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Apple exports from Georgia are still small, but wholesale prices are not declining yet

EastFruit analysts note that Georgian apple exports are smaller than last year. The country harvested a record large harvest this year – about 130 000 tonnes of apples, which is about 80% more than in the previous season. Notably, prices on the Georgian wholesale market are still high, but a survey of market participants shows that downward pressure may increase soon.

According to official data, Georgia exported 840 tonnes of apples in October 2022, which is 14% less than a year earlier. The value of exports also fell from $630 000 in October 2021 to $550 000 in 2022. 100% of exported apples were supplied to Russia.

The main reason for the decline in apple exports is the weakening of demand from the northern neighbor. The latter, of course, relates to the unjust war against Ukraine. Many Russian citizens have resettled in Georgia, which has increased local demand to some extent, but this is unlikely to be enough.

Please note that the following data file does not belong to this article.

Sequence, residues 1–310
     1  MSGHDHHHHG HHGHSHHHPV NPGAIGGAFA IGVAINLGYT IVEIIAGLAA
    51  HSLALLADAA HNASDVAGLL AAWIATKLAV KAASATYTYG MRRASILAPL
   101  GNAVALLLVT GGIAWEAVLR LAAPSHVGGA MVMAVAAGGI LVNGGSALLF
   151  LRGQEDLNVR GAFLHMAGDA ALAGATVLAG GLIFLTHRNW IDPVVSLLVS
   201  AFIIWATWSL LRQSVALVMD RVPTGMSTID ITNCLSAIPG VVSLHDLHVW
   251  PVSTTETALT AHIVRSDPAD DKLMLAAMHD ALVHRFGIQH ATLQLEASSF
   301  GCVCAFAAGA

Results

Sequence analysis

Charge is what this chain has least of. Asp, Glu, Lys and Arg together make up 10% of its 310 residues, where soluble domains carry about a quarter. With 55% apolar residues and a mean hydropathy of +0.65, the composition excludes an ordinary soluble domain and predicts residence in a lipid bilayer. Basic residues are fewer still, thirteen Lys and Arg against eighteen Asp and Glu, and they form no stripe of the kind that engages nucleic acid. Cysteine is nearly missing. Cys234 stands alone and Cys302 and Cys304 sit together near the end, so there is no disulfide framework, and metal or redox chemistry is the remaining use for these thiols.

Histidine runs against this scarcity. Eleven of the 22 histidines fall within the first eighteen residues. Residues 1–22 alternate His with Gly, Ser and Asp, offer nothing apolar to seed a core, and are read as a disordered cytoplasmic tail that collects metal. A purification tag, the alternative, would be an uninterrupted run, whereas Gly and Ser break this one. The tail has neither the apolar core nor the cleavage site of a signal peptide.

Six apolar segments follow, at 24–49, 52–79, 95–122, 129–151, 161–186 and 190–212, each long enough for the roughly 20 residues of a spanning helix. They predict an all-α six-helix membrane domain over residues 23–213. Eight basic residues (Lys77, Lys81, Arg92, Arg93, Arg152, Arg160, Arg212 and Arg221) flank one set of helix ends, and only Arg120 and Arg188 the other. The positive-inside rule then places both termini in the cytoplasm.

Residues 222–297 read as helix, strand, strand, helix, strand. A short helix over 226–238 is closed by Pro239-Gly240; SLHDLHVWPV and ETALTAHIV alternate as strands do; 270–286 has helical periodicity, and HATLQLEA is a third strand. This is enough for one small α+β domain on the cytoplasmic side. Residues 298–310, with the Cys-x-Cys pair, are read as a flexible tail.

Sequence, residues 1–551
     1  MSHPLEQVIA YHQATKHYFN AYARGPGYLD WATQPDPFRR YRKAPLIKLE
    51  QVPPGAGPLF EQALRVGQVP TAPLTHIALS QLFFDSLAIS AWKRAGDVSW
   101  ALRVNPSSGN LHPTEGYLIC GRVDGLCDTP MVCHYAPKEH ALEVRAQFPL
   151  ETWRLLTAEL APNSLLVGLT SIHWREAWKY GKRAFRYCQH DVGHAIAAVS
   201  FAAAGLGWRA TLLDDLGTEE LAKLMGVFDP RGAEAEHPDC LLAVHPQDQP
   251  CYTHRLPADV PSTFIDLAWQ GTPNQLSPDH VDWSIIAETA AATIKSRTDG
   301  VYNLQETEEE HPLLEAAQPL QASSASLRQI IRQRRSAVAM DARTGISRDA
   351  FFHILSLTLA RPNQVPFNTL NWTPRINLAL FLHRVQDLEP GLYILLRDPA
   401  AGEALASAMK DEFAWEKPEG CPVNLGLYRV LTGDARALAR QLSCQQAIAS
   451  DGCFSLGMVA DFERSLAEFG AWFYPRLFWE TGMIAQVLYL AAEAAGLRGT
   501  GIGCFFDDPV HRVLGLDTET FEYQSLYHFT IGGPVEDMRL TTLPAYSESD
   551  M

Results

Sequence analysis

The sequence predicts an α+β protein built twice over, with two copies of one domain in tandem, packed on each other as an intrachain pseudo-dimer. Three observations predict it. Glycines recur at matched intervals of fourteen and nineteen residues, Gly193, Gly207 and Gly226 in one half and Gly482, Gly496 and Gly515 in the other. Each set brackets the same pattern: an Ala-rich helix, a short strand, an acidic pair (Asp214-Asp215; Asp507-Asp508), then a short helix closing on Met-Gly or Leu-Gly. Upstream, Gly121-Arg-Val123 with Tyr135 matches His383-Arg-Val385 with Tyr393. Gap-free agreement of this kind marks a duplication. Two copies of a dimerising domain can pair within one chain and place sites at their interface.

Another important reason for the decline in exports of Georgian apples is the high competition with other fruits that are currently widely available on global markets. Usually, these are citrus fruits. There is competition every year, but the effect seems to be larger in the face of declining demand. It is believed that there is a favorable window for the export of Georgian apples in February and March.

Meanwhile, the EastFruit price monitoring tool shows that apple prices in Georgia’s wholesale markets are not falling, which would be reasonable given the record high harvest and weak exports. As EastFruit research shows, traders’ prices are supported by several factors:

  • The harvesting is not finished yet, there are quite a few apples left on the trees
  • Large volumes of harvested apples are stored in local warehouses, so the current supply on the market is not so high.

Market participants interviewed fear that many small farmers who cannot afford to store apples long will be forced to sell their stocks, exerting pressure on current prices. Exports are likely to remain lower in November as respondents report that suppliers are mainly working with the local market because importers charge too low prices. The latter is not surprising, since other countries sell apples at lower prices.

Farmers give an interesting insight into current prices. They report that while traders’ prices may not have been affected, their prices have declined year-on-year. Georgian farmers sell apples at 0.80-1.30 GEL/kg (about $0.30-0.50). Prices vary by caliber and are lowest when mixing different calibers.

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